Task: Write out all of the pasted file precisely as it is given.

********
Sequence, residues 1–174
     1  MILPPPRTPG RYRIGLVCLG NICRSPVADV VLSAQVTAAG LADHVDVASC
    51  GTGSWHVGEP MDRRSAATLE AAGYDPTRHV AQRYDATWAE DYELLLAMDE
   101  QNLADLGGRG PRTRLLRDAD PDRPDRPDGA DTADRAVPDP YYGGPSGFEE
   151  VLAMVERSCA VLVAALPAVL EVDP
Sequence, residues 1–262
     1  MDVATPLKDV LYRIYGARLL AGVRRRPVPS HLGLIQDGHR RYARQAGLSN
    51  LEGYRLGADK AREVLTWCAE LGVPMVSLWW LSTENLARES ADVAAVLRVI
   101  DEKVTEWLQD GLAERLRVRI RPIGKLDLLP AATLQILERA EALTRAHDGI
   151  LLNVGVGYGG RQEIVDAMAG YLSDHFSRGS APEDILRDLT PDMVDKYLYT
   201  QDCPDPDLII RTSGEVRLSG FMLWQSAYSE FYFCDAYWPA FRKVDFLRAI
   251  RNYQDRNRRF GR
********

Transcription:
Sequence, residues 1–174
     1  MILPPPRTPG RYRIGLVCLG NICRSPVADV VLSAQVTAAG LADHVDVASC
    51  GTGSWHVGEP MDRRSAATLE AAGYDPTRHV AQRYDATWAE DYELLLAMDE
   101  QNLADLGGRG PRTRLLRDAD PDRPDRPDGA DTADRAVPDP YYGGPSGFEE
   151  VLAMVERSCA VLVAALPAVL EVDP
Sequence, residues 1–262
     1  MDVATPLKDV LYRIYGARLL AGVRRRPVPS HLGLIQDGHR RYARQAGLSN
    51  LEGYRLGADK AREVLTWCAE LGVPMVSLWW LSTENLARES ADVAAVLRVI
   101  DEKVTEWLQD GLAERLRVRI RPIGKLDLLP AATLQILERA EALTRAHDGI
   151  LLNVGVGYGG RQEIVDAMAG YLSDHFSRGS APEDILRDLT PDMVDKYLYT
   201  QDCPDPDLII RTSGEVRLSG FMLWQSAYSE FYFCDAYWPA FRKVDFLRAI
   251  RNYQDRNRRF GR